Thanks to Bird, who had two free throws, an inside basket and a laser outlet pass that led to a fast break basket by Quinn Buckner, the Celtics ripped off an 8-0 run early in the second quarter. It was Maxwell, however, who kept the momentum going.
The gangly 6-8 forward from Kinston, N.C., repeatedly posted up near the basket or waded in from angles just outside the paint. His primary victim was James Worthy, who couldn't handle a motivated Maxwell's strength and awkward, twisting drives. Maxwell, who smiled at Worthy and shook his head on one occasion after the Lakers forward fouled him, had additional motivation. Near the end of the Lakers' Game 6 victory, Worthy had shoved Maxwell into the basket support. It was a cheap shot, Maxwell said, and it was still on his mind.
Maxwell's 3-point play gave the Celtics their biggest lead of the first half at 47-38. By intermission, Maxwell already had put in a full day of work with 17 points -- he had averaged 11.2 over the first six games of the series -- and, as evidence to his aggressiveness near the basket, was 11-for-13 from the free-throw line.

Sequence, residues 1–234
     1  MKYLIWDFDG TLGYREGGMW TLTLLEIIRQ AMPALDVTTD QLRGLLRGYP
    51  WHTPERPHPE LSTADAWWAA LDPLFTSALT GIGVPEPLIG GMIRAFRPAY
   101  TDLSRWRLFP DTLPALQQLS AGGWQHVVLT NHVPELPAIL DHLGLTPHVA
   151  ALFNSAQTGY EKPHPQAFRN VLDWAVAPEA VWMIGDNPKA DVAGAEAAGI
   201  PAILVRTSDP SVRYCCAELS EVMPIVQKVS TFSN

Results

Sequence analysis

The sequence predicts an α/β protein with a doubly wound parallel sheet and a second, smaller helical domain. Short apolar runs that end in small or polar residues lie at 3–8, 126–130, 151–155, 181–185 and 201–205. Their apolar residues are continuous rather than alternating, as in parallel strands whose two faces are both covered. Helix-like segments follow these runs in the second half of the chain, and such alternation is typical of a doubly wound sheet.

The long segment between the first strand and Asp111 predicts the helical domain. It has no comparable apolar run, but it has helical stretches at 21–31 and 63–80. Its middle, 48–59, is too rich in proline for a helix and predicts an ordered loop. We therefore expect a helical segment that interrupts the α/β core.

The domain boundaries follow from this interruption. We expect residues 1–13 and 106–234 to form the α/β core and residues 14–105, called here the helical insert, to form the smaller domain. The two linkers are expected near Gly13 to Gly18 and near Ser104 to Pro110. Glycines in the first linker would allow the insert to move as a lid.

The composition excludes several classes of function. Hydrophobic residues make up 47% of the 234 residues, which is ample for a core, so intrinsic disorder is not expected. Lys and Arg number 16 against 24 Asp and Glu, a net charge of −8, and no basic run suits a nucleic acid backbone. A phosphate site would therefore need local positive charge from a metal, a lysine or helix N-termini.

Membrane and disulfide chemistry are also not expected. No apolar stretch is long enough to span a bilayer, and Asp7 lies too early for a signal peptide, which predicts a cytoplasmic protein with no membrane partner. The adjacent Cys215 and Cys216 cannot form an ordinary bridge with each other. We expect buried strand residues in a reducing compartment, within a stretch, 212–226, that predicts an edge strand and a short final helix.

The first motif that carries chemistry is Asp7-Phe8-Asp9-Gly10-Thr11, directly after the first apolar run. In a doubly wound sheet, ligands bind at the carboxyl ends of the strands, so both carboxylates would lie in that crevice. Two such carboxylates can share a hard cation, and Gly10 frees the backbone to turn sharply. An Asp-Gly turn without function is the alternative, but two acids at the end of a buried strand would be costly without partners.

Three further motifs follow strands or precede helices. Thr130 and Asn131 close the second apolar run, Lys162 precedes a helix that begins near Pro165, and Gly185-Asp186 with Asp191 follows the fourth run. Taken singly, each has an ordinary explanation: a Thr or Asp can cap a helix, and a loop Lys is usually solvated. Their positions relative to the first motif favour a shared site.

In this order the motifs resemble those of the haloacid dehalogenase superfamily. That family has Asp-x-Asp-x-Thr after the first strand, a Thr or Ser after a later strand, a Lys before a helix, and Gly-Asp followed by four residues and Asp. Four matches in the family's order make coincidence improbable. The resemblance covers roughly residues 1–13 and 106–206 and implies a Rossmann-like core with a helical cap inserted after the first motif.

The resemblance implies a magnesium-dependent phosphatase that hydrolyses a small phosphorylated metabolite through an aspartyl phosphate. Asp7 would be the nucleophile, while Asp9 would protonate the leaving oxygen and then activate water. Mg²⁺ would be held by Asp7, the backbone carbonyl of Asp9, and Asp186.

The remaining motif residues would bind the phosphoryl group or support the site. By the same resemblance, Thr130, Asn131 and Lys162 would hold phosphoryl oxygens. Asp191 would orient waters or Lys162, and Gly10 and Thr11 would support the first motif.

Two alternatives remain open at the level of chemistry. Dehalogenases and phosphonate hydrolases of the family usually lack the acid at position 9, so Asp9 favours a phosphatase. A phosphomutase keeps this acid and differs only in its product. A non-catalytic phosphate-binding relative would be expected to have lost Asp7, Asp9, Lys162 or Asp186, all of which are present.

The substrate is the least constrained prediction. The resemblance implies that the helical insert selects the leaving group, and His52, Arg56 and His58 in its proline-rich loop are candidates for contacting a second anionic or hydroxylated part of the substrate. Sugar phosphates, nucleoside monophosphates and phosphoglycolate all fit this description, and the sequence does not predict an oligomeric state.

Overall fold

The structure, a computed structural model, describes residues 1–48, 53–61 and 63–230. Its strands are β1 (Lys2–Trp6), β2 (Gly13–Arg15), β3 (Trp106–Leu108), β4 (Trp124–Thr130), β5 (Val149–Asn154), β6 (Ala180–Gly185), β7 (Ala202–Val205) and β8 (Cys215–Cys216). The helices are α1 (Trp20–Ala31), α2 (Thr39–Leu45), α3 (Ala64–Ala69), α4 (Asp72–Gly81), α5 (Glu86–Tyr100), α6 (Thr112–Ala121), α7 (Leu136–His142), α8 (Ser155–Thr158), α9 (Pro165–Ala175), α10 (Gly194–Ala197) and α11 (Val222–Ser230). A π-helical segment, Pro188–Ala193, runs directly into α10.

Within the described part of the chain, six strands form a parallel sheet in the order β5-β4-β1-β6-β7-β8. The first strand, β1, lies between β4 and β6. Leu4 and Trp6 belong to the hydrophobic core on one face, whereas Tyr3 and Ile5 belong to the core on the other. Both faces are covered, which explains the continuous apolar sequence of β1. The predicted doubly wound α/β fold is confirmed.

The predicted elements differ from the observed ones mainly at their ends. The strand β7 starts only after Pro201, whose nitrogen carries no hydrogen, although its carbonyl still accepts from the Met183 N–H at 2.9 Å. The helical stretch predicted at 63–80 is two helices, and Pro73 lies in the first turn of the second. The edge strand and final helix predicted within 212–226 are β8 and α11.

In the third quarter, Boston guard Gerald Henderson heated up from outside, scoring nine points early as the teams traded baskets. The Celtics then put together two surges that threatened to turn the game into a runaway. The first ended with Parish's basket and free throw for a 78-72 lead that brought the Celtics' bench to its feet and triggered a Garden din that continued non-stop until long after the game's end.
Then, minutes later, Boston closed the third quarter with an 8-0 spurt for a 91-78 lead. Ainge made a jumper, Parish made three free throws after a pair of offensive rebounds, and Kevin McHale added two more free throws after sprinting past the Lakers on the fast break.